FUEL EFFICIENT CARS: The world is not short of gas and coal but it is finding it more difficult to obtain the oil we need for our cars. Careful driving increases miles/gallon and comparative figures of miles/gallon can be found at http://carfueldata.direct.gov.uk. May 11
ENERGY EFFICIENT APPLIANCES: TV sets are now graded for energy efficiency using the 7 colour A-G labels, and washing machines, fridge freezers and dishwashers now have 3 additional grades, A+++, A++ and A+. An A+++ fridge freezer will be 60% more efficient than an A. April 11
FOOD IN DUSTBINS: Keep as much food and garden material as possible out of your dustbins. Any going to a tip will decompose and release methane which, if it leaks away, will be 20 times as bad a greenhouse gas as carbon dioxide. March 11
LIGHTS OFF: Switch off all lights when not needed. Even fluorescents should be switched off if unneeded for more than 15 minutes. February 11
RECYCLE VIA EBAY: Charity shops will be pleased to receive a whole range of items from usable furniture down. Alternatively use the internet to register on eBay to sell any item, or Freecycle to offer them for free. December 10
BARCODE USES: Barcodes give not only the price but lots of other information on a product which can include the material of the container, eg aluminium, glass etc. This can then be used to separate waste into streams for recycling. It is done in some Canadian stores. It could be done here if the public demanded it. November 10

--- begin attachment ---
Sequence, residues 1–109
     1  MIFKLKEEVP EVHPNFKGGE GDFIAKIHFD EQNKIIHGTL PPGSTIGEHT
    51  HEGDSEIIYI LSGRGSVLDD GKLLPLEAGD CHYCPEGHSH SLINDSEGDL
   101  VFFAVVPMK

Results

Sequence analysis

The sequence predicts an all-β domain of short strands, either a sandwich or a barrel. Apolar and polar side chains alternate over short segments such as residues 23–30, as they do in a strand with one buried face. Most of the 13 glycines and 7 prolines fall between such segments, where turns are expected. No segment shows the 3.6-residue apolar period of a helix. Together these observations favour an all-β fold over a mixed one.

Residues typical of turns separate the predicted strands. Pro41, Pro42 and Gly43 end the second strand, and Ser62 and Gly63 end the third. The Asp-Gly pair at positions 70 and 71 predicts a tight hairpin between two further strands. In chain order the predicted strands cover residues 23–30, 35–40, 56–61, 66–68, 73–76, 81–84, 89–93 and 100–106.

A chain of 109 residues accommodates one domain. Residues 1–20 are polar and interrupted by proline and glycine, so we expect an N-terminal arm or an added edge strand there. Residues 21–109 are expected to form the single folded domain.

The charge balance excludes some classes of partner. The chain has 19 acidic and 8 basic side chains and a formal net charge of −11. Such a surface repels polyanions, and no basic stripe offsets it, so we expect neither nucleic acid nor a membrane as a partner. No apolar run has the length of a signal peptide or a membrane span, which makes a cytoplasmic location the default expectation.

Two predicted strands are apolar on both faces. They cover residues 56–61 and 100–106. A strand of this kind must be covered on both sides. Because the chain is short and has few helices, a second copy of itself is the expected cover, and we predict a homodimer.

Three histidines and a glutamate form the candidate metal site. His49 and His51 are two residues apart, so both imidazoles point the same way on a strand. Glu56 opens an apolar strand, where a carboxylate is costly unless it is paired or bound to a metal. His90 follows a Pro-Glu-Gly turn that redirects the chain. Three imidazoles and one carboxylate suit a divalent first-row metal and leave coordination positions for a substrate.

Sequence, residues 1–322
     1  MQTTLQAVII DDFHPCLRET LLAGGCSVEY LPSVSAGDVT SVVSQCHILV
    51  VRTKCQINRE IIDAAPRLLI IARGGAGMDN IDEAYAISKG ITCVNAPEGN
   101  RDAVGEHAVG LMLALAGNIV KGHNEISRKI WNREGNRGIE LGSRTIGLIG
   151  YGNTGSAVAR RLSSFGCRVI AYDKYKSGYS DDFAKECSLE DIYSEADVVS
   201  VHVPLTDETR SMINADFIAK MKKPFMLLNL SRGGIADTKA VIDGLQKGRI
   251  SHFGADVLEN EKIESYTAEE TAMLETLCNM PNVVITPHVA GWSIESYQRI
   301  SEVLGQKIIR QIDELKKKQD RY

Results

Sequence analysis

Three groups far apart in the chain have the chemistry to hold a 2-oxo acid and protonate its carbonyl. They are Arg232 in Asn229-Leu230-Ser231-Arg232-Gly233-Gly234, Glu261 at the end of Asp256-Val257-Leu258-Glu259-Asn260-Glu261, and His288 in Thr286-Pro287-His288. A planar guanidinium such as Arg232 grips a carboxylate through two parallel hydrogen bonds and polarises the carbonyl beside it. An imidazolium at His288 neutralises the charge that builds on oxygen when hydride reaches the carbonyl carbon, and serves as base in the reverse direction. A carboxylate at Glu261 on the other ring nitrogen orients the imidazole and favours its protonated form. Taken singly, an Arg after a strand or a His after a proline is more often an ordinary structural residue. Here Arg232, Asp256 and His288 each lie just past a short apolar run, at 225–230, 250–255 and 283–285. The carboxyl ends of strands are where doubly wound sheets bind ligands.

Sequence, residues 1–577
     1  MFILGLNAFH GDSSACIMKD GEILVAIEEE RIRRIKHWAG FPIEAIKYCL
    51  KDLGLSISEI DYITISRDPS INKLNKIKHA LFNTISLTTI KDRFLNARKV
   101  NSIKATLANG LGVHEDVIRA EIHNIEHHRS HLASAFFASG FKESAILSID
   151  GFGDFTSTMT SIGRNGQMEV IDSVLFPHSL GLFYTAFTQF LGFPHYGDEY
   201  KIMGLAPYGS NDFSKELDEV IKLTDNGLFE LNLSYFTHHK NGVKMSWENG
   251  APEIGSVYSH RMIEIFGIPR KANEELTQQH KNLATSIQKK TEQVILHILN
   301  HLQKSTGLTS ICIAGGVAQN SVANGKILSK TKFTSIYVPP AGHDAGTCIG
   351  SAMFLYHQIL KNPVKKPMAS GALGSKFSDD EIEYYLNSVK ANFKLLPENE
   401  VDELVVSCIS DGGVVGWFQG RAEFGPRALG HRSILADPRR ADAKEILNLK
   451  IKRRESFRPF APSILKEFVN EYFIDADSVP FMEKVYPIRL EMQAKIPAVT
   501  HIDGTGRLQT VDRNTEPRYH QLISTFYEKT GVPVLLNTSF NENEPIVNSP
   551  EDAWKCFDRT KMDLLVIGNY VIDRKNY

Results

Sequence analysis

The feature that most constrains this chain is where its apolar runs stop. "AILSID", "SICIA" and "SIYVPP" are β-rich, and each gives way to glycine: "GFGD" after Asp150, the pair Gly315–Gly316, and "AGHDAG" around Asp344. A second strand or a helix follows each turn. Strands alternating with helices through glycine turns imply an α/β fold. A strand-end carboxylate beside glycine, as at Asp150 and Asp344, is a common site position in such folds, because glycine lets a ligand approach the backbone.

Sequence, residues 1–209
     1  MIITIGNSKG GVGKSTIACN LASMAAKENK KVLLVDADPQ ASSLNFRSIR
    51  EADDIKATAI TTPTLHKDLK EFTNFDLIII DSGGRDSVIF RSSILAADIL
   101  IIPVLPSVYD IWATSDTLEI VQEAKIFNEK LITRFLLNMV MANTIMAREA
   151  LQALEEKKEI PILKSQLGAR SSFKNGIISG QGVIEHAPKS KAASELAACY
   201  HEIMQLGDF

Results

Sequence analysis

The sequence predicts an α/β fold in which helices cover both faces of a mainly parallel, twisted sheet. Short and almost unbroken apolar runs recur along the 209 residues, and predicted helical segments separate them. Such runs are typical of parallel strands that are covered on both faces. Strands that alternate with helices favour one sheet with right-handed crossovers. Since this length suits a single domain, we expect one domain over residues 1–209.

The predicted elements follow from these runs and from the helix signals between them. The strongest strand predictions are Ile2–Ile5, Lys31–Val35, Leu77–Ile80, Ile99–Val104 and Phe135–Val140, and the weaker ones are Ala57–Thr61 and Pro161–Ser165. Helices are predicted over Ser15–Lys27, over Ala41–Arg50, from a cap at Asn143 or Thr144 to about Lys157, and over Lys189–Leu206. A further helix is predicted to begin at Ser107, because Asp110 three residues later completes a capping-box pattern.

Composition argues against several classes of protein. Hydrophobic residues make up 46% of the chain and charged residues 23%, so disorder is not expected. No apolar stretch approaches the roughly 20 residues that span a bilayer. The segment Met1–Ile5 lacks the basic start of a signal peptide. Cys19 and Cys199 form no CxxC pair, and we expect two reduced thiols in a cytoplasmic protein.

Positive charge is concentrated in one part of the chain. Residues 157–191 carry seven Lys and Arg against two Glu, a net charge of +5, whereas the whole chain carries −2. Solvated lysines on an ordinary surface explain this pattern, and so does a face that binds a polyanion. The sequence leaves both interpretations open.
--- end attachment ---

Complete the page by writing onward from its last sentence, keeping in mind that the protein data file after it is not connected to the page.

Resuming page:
BUY BRITISH: There are good environmental reasons for ‘buying British’ as well as helping our trade balance. Much food we import comes from drier countries than ours. These use water for irrigation which can be in short supply. Manufacturing in this country is invariably done with higher standards of pollution control and more energy efficient processes. June 10
INDUCTION HOBS: When you next change your cooker consider an ‘induction’ hob. Induction uses magnetism to ‘induce’ heat. One needs steel or iron based saucepans, not aluminium, glass or ceramic ones but the hob is cool after use (a safety feature) and they save about 20% of the electricity. May 10
CARBON FOOTPRINTS: The average Briton causes 3.7 tonnes of carbon dioxide to be emitted to the atmosphere each year for their gas, electricity and car fuel. To calculate your ‘carbon footprint’ multiply the units of gas and electricity on your bills by 0.19 and 0.58 kg/kWh respectively and your mileage by the emission figures in grams/kilometre for your type of car. March 10
MAINS NOT BATTERIES: Use mains electricity, not non-rechargeable batteries wherever you can. To make a battery takes around 50 times the electricity they actually contain. Rechargeable batteries are more efficient but more toxic. February 10
45 MPH IS BEST: Cars run most frugally at around 45 mph. They are less efficient both above and below those speeds. Short journeys, when the engine is cold, are very inefficient, polluting and expensive. December 2009
CURTAINS: When it is cold draw curtains as soon as it becomes dark. Curtains can be as helpful as double glazing. Cut down drafts as well. October 09
BICKENHILL TIP: An amazing number of different items are now collected at the Council’s Bickenhill recycling site, from old paint and engine oil to timber, electric appliances, fluorescent tubes and more. July 09